Sign up ×
Stack Overflow is a community of 4.7 million programmers, just like you, helping each other. Join them; it only takes a minute:

Is it acceptable/safe in Objective-C/Cocoa to wrapping the init method as follows:

-(id)init {
    if ((self=[super init])) { = [[Bar alloc] init];
    return self;

-(id)initWithFoo:(Foo *)f {
    if ((self=[self init])) { = f;
    return self;

Note the [self init] in initWithFoo.

perhaps this is a simple yes answer... seem obvious, but not standard?

share|improve this question
It's acceptable. My only comment is about second method. It's alvays better to use something like this: -(id)initWithFoo:(Foo)newFoo { .... = newFoo .... } – anatoliy_v Nov 15 '12 at 19:05
sorry, was quickly illustrating the question... will correct the semantics – Ross Nov 15 '12 at 19:15
I’d say it’s uncommon: your initWithFoo: is the initializer that does the most. But it does so indirectly by calling another initializer, that does something else. Common (and good!) practice is to have one designated initializer. The most specific one, the one all other initializers call with default arguments. And that would be number two, as it initializes two ivars: foo and bar. – danyowdee Nov 15 '12 at 19:19
true. i actually have init and initWithJSON:. – Ross Nov 15 '12 at 19:25
perhaps there should be just init: and parseJSON if it is uncommon? initWithJSON calls parseJSON in my case. – Ross Nov 15 '12 at 19:26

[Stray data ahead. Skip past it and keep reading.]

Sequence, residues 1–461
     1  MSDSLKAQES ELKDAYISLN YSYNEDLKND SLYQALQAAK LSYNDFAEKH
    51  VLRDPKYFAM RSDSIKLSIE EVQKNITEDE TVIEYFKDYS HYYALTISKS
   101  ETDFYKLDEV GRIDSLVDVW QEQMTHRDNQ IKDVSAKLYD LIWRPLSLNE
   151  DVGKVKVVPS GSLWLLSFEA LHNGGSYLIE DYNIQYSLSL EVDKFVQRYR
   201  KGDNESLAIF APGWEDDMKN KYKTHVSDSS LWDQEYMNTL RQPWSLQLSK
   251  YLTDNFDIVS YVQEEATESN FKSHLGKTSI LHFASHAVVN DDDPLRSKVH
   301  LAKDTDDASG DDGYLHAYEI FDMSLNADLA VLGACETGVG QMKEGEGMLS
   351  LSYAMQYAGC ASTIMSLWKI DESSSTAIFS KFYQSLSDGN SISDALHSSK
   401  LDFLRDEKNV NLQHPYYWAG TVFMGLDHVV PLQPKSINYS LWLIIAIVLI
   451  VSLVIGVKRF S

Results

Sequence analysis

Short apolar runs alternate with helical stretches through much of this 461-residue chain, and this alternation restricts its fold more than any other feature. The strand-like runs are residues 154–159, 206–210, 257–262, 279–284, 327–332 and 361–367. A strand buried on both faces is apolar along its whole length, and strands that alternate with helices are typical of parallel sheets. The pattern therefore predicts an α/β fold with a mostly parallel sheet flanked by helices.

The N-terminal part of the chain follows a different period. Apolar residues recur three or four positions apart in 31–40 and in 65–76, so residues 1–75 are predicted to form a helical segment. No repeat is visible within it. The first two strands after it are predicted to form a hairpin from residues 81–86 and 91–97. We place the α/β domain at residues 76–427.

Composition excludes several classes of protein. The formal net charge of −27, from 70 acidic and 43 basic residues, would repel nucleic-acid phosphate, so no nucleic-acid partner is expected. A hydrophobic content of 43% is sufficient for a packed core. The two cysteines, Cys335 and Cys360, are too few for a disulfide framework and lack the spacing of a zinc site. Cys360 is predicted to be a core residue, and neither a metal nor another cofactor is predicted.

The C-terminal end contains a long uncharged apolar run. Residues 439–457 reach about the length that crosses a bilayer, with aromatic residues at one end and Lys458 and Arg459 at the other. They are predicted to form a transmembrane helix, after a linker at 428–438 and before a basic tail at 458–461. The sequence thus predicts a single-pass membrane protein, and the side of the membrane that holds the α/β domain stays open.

2 Answers 2

up vote 8 down vote accepted

It's certainly acceptable and safe. I'm not certain if it's standard practice, but I don't think it's bad practice.

Note: This is not overloading. Overloading refers to a very specific thing in C-like languages (particularly C++) where you have multiple functions with the same name, distinguished only by their numbers and/or types of parameters. A better term for this would probably be something like forwarding or wrapping.

share|improve this answer
thanks for the extra 'note', always appreciated. – Ross Nov 15 '12 at 19:14
It's definitely standard practice. it's the whole point of designated initializer. See… – Sulthan May 12 '13 at 11:57

I know I'm late to the party but I thought I'd add my two cents.

If you provide both an init (which you definitely will do) and an initWithBlah then you'd be best doing something like this...

- (id)initWithValue:(int)value
    self = [super init];
    if (self) {
        self.value = value;
    return self;

- (id)init
    int defaultValue = 10;

    return [self initWithValue:defaultValue];
share|improve this answer

Your Answer


By posting your answer, you agree to the privacy policy and terms of service.

Not the answer you're looking for? Browse other questions tagged or ask your own question.